- The Washington Times - Monday, December 20, 2021

Americans endured higher prices for their Thanksgiving dinner a few weeks ago due to the ever-increasing prices for the feast — which experts blamed on President Biden and the White House.

Well, take a deep breath, and acknowledge that the proverbial “Bidenflation” is also affecting the price of Christmas dinner, according to Mintec, a London- and New York City-based data and analytics group focused on food and manufacturing brands.

“Mintec’s U.S. Christmas Dinner Index indicated an upward movement in the run-up to Christmas amid rising key commodity prices,” the organization says, deeming the cost a “record high.”

U.S. consumers will be paying 15.4% more than they did a year ago for the typical items so dear to the hearts of holiday diners. That includes a 14.2% rise in the price of such primary meal items such as turkey, pork, potatoes and carrots plus a 35.8% increase in the cost of dessert ingredients like flour, sugar, butter, eggs and such spices as ginger.

And by the way, according to the U.S. Bureau of Labor Statistics, the price of all alcoholic beverages has increased by 1% compared to a year ago.

Just call it “Booze-flation,” advised the Los Angeles Times in its coverage of the annoying phenomenon.

“Americans aren’t merry about the skyrocketing price of Christmas under Bidenflation,” observes Tommy Pigott, rapid response director for Republican National Committee — who notes that lower income families will feel the pinch the most over the holidays.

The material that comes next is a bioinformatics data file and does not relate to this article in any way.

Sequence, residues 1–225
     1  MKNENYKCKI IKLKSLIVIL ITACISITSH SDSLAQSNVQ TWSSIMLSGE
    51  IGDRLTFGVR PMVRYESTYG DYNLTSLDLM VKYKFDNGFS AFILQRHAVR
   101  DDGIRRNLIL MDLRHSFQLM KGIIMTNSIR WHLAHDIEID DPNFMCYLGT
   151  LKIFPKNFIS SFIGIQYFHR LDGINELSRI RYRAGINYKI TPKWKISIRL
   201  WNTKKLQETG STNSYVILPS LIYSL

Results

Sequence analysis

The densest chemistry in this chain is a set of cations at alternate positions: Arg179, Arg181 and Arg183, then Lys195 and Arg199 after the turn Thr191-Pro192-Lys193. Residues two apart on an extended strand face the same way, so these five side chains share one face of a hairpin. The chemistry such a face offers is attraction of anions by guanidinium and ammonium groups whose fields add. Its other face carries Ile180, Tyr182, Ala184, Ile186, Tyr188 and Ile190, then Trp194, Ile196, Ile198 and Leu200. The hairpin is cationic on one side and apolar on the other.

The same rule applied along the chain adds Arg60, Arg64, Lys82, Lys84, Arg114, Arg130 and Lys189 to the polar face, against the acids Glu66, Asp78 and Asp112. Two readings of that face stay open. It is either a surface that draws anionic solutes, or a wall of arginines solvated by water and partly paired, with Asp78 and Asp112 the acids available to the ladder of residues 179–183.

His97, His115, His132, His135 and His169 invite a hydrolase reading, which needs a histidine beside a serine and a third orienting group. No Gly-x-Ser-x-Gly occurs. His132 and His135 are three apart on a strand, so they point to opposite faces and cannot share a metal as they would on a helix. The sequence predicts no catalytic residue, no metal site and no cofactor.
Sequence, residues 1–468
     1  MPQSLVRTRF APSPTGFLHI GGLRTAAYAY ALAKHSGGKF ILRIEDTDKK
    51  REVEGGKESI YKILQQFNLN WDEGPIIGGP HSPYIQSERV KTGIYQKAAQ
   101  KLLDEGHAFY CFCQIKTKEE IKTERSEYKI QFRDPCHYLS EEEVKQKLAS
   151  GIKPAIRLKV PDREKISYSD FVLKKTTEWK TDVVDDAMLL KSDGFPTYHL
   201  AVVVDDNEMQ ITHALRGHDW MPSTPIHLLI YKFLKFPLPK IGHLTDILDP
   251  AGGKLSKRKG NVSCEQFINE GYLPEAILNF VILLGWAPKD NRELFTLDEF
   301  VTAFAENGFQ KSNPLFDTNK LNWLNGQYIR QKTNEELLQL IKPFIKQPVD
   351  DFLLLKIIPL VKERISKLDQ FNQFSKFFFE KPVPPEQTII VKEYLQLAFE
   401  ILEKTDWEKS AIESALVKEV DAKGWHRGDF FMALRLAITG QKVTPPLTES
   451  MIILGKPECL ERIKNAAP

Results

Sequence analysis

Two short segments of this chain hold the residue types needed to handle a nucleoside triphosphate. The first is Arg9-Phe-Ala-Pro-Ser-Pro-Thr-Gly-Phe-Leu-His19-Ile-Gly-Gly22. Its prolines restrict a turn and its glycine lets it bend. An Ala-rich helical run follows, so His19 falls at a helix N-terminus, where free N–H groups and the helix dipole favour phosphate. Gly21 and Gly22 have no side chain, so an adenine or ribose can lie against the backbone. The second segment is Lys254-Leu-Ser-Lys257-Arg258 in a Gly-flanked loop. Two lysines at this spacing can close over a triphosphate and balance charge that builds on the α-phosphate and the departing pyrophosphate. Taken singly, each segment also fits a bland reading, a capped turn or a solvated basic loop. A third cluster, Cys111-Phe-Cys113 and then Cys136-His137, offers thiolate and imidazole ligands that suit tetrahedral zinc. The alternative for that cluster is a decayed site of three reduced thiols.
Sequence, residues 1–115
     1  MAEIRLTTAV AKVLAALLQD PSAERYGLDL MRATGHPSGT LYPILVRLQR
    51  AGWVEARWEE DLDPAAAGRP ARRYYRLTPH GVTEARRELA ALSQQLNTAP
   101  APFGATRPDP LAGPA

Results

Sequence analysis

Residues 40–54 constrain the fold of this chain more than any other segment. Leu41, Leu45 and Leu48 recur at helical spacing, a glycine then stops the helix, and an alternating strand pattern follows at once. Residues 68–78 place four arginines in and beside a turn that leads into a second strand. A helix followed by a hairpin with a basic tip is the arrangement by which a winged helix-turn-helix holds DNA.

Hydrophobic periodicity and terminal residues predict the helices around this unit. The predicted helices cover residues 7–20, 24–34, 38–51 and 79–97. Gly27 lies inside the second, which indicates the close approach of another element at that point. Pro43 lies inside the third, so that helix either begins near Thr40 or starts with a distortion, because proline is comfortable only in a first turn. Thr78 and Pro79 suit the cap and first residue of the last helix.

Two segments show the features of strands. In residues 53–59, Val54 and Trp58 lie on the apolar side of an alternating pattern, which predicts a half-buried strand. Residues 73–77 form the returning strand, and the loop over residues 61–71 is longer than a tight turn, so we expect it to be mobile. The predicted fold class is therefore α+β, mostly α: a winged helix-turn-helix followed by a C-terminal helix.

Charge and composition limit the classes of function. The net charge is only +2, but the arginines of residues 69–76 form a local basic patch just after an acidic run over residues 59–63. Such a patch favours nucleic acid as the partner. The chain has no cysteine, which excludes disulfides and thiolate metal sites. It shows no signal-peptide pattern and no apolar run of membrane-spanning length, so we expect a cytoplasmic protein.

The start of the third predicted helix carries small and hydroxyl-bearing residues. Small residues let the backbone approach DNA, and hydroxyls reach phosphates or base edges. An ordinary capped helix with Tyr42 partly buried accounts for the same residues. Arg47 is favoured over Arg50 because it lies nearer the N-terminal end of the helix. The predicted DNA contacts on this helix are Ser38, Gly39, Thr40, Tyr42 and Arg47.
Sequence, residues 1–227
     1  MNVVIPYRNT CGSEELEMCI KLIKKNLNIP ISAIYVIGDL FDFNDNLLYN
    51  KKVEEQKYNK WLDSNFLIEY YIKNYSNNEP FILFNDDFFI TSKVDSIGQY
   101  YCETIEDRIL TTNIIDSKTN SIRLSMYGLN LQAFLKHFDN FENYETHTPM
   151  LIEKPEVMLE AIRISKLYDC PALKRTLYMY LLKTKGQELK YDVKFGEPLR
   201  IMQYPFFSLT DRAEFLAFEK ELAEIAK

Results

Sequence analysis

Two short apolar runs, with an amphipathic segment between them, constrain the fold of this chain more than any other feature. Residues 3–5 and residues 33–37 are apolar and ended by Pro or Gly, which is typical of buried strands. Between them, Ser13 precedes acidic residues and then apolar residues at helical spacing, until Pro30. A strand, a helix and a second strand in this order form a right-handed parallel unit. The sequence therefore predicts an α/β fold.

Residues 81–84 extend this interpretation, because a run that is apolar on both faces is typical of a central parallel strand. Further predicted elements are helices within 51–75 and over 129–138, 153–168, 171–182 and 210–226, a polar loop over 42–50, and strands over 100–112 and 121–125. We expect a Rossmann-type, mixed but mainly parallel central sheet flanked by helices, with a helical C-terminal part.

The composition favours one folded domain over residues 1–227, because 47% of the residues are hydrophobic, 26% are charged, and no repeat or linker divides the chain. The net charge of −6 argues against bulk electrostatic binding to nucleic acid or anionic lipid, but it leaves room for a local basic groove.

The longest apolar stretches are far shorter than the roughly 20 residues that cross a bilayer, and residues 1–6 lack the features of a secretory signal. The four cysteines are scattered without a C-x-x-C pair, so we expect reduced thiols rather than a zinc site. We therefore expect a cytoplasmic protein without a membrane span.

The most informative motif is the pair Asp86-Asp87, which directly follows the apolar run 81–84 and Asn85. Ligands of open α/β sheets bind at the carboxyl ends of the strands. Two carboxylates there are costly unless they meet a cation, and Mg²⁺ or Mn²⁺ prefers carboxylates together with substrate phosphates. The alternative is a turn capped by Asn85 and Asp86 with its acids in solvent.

“Biden is not empowering workers, he is making all Americans poorer,” Mr. Pigott adds.


Sen. Joe Manchin III has won some friends after effectively killing President Biden’s beloved trillion-dollar “Build Back Better” spending plan. The New York Post praises “the common sense — and the courage” of the West Virginia Democrat in his efforts to push back against the “BBB” behemoth bill.

“Democrats and the media will portray Manchin as the Grinch, but he’s done them a favor. The American people elected Joe Biden for a return to normalcy, less of the Donald Trump Twitter dramas and an end to COVID. Biden instead took a razor-thin House majority and a tied Senate as an excuse to push through the largest expansion of social welfare since the New Deal,” the newspaper said in an editorial.

“Americans see the result: COVID flaring up again, inflation eating into their earnings, a president either absent or incomprehensible. Passing BBB would have made it even worse. Perhaps this will move the Biden administration to focus less on pie in the sky and more on what people really need in 2022,” the Post said.

“So: A toast to Santa Manchin for giving us peace of mind this holiday season,” the editorial concluded.


Unsure about a certain piece of voting-rights legislation that is so heavily favored by the Democratic Party?